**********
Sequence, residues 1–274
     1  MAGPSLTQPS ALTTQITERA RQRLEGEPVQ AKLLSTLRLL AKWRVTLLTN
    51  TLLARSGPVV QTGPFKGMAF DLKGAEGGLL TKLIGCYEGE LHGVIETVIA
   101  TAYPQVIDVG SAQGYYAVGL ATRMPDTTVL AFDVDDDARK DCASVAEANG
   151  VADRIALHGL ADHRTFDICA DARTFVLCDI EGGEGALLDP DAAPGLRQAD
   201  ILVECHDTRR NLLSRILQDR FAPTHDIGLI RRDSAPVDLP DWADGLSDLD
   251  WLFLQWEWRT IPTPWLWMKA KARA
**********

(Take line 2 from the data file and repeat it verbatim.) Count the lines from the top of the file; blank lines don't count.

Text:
     1  MAGPSLTQPS ALTTQITERA RQRLEGEPVQ AKLLSTLRLL AKWRVTLLTN